U. Report all suspected or known security breaches to the College Controller and Campus Security.
V. The Office for Financial Services will perform periodic audits of each department or organization that process payment card transactions or work s with 3rd party processors to ensure compliance to PCI DSS.
W. The Office for Financial Services and Library Information Services will complete a Self Assessment Questionnaire and Attestation of Compliance for each Luther merchant account on an annual basis.
X. The Office for Financial Services will be available to assist any department or organization to achieve PCI DSS Compliance.
VI. Incident Response Policy
A. Incident Identification
Employees must be aware of their responsibilities in detecting security incidents to facilitate the incident response plan and procedures. All employees have the responsibility to assist in the incident response procedures within their particular areas of responsibility. Some examples of incidents that an employee might recognize in their day to day activities include, but are not limited to,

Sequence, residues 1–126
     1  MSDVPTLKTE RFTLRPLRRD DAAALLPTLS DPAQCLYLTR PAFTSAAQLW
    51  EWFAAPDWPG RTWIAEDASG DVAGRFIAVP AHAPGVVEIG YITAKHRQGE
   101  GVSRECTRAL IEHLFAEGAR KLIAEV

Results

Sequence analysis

- Theft, damage or unauthorized access (e.g., papers missing from their desk, broken locks, missing log files, alert from a security guard, video evidence of a break-in or unscheduled/unauthorized physical entry).
- Fraud – Inaccurate information within databases, logs, files or paper records.
B. Reporting an Incident
Campus Safety and Security should be notified immediately of any suspected or real security incident involving cardholder data:
- Contact Campus Safety and Security at ext. 2111 to report any suspected or actual incidents. The Safety and Security phone number should be well known to all employees and should page someone during non-business hours.
- No one should communicate with anyone outside of their supervisor(s) or Campus Safety and Security about any details or generalities surrounding any suspected or actual incident. All communications with law enforcement or the public will be coordinated by Campus Safety and Security.